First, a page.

Tips for reducing energy use at home


By Robin Young | PREVIEW Columnist

The Energy Information Administration predicts energy prices will continue to increase by about 3.3 percent in 2023. This is after an increase of just over 7 percent in the year 2022. 

As we are heading into the fall/winter seasons and kicking on our heaters, let us look at some ways to help reduce energy use in our homes.

Keeping your
home warm

• Check insulation levels. Ensuring adequate insulation in the attic, walls and around your basement or foundation can help keep heat in during the winter.

• Use thermostat setbacks. Turning down the thermostat when you are not at home or when you are sleeping can help you save. For every eight hours your thermostat is turned down one degree, you can save 1 percent. That might not sound like much, but it can add up quickly.

• Let the sun heat your house for free. Open drapes or shades that can allow direct sunlight into the house throughout the day, and then close them at night. This will allow the sun to heat your home and trap the heat in after the sun goes down.

Managing your energy usage when home

• Turn off appliances when they are not being used. Appliances still draw energy when they are not off or in standby mode. Turning them off can prevent them from drawing any unnecessary energy. You can also look into buying energy-efficient appliances next time you are ready to replace them. They might be a little more expensive initially, but they can save you money in the long run because they take less energy to operate.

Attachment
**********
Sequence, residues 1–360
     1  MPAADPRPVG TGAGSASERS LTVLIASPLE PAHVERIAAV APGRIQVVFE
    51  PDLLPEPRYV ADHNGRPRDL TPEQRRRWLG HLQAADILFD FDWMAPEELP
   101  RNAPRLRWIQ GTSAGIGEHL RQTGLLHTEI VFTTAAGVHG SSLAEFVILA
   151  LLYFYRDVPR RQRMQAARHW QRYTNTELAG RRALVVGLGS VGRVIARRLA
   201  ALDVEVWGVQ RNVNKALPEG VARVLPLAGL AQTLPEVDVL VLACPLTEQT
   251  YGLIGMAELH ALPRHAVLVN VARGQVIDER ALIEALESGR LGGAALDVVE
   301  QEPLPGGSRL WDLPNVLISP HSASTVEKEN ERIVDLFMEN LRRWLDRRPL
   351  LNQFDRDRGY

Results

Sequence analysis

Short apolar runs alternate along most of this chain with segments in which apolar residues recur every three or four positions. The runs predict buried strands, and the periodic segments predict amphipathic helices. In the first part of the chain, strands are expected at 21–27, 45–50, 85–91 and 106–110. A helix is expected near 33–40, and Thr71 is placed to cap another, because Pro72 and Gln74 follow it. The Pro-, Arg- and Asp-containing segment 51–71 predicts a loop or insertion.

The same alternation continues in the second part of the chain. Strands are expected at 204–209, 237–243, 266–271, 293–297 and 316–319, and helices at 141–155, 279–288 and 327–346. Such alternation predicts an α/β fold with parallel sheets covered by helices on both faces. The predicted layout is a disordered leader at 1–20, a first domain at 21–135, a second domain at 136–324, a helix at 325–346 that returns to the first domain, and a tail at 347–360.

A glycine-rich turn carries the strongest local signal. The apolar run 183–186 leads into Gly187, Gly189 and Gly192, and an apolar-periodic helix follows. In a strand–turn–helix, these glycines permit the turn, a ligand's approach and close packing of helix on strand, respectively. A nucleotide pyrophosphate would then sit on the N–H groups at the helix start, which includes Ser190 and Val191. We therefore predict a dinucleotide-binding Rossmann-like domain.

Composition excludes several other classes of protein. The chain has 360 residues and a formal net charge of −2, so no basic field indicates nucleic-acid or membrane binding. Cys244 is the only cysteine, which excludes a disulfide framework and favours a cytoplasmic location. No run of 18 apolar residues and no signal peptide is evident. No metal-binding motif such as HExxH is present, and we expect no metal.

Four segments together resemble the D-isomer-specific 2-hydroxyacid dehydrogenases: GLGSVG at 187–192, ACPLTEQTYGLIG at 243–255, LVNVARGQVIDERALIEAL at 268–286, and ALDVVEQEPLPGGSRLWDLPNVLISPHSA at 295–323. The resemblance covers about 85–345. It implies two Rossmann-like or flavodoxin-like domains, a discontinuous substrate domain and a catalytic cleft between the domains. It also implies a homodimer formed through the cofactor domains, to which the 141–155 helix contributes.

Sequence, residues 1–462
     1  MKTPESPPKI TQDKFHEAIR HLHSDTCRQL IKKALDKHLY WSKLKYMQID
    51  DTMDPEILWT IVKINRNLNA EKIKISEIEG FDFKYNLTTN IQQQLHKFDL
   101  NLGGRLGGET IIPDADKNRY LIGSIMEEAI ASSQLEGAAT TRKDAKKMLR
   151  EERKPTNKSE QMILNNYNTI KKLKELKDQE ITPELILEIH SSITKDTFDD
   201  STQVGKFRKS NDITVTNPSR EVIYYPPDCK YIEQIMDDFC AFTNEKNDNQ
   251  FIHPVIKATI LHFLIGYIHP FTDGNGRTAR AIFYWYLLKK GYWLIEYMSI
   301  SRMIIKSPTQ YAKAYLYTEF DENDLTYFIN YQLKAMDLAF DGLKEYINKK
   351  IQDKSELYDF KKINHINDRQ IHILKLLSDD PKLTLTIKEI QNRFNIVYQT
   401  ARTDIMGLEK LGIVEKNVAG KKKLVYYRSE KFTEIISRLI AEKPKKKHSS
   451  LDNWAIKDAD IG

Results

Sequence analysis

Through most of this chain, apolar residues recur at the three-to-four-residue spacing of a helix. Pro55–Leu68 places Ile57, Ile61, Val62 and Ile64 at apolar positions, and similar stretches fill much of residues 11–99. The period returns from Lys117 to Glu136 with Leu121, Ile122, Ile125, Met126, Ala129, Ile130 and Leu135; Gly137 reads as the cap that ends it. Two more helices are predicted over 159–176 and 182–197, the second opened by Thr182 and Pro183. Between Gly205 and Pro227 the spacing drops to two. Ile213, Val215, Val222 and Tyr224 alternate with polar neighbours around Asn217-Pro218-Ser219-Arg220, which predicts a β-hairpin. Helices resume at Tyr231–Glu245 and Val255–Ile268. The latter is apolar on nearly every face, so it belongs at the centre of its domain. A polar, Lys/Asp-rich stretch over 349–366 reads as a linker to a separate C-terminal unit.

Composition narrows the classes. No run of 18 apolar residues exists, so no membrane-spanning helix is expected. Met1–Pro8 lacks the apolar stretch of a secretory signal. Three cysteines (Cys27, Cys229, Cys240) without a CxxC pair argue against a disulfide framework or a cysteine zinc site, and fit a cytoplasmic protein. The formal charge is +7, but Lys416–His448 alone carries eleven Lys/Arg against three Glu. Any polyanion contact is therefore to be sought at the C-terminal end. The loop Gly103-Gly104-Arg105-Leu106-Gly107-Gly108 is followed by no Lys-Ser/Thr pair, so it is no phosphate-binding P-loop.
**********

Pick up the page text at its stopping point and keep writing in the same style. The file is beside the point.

• Use smaller appliances when possible. Toasters, microwaves, electric pressure cookers and slow cookers use much less energy than an oven.

• Wash only a full load of dishes or laundry. It takes just as much power to run your dishwasher or washer for a partial load as it does for a full load. When doing dishes, you can also skip the dry cycle and allow your dishes to air dry. Use cold water with cold-water detergent to wash clothes.

• Set the temperature of your electric water heater to 120 degrees F. If you are leaving the house for a long period of time, like visiting your family for the holidays, turn off your water heater. You do not need to have hot water in the house when you are gone. 

• Install an insulated blanket on your hot water heater. While these blankets cost some money up front, they can help raise the hot water temperature in pipes between 2 and 4 degrees, allowing you to have a lower setting on the water heater. It can also reduce wait times for hot water at the tap, which also saves water.

Finding energy
assistance and audits

Colorado is very fortunate to have several programs through the Colorado Energy Office, Colorado Department of Human Services and local energy companies. One of these programs is the Weatherization Assistance Program that can help eligible Coloradans save money, stay comfortable and use less energy in their homes. 

Another program is Colorado Low-income Energy Assistance Program (LEAP). The LEAP program can assist qualified applicants with paying a portion of their home heating costs. Finally, many local utility cooperatives as well as larger companies will provide an energy audit for a nominal fee.

CPR and first aid classes

CPR and first aid certification classes are offered every other month by the CSU Extension office, generally on the second Monday and Wednesday of each month from 6 to 10 p.m. The cost for the classes is $80 for combined CPR/first aid and $55 for CPR, first aid or recertification. Call the Extension office at (970) 264-5931 to register.

Check out the online option on our website: